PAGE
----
Testers’ notes: “These cars will spend most of their time on the road, but if you want four-wheel drive, only diesel X-Trails come with this tech. The same goes for an automatic gearbox.”

Skoda Kodiaq

Model: Skoda Kodiaq 1.4 TSI 4x4 SE 7-Seat
Price: £27,235
Engine: 1.4-litre 4cyl turbo petrol, 148bhp
0-60mph: 9.8 seconds
Test economy: 43.5mpg/9.6mpl
CO2: 156g/km
Annual road tax: £140

Up to now, the diesel-powered Skoda Kodiaq has fended off all challenges from newer seven-seat 4x4s, retaining its crown as our Best Large SUV. However, here it’s tested in 1.4 TSI form, costing from £27,235 in mid-spec SE trim.

The Skoda is by far the most driver-focused of the three large off-roaders on test here.

For a high-riding vehicle it corners relatively flatly, with roll controlled fairly well. The steering is weighty and solid, and you can lean on the grippy chassis surprisingly hard. It’s a nice trait if you value driving fun, but many buyers in this segment don’t, and the firmer ride as a result means the Skoda doesn’t offer quite as much comfort as the Peugeot.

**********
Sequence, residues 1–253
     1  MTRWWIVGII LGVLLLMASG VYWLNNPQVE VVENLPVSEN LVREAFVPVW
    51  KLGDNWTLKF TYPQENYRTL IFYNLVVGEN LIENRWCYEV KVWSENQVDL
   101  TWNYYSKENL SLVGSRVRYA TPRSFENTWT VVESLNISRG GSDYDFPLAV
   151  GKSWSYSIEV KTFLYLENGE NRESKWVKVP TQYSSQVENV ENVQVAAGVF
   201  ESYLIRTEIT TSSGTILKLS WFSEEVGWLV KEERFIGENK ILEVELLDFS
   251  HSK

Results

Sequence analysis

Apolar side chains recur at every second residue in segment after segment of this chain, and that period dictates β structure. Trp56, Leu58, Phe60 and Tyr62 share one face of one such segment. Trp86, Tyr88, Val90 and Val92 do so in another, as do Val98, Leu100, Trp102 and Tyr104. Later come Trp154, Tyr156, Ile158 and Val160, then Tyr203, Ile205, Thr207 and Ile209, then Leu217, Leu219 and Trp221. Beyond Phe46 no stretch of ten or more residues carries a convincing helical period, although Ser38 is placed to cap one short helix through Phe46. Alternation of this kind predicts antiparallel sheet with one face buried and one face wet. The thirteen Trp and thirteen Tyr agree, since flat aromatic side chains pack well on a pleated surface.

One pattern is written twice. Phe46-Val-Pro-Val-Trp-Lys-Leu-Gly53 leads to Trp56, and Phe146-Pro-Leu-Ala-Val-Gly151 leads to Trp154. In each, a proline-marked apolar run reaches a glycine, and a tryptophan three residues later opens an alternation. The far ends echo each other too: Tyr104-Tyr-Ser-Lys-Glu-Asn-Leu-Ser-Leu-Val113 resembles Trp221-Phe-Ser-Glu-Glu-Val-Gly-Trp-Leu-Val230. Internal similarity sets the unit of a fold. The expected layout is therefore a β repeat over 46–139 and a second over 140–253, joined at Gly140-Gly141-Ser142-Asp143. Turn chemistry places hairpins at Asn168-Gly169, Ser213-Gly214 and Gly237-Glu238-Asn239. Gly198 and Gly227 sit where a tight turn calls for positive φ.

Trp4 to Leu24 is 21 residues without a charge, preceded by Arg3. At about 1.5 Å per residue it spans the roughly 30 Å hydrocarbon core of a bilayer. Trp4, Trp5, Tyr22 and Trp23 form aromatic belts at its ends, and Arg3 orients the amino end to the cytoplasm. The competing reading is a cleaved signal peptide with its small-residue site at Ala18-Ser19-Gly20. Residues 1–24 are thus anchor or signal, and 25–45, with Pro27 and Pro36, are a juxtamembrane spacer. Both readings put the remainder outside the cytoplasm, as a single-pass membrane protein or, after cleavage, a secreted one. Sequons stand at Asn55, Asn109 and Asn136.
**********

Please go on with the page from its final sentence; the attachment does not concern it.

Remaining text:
However, while the bumps are noticeable, the shock absorbers control wheel movement well, rounding off bumps nicely. Put simply, it’s better damped than the Nissan and offers superior body control compared with the Peugeot, even if the softer 5008 will be the comfier car on long journeys.

The Skoda’s reputation as the sportier model was reinforced by its revvy engine. With 148bhp and the most torque at 250Nm, its 0-60mph time of 9.8 seconds was the fastest on test. It was helped by the tight, mechanical-feeling and nicely precise six-speed manual box that allows fast changes, gaining time on the less accurate transmissions in its rivals. However, even though the Skoda is more involving, the Peugeot was its match when it came to our in-gear acceleration assessments.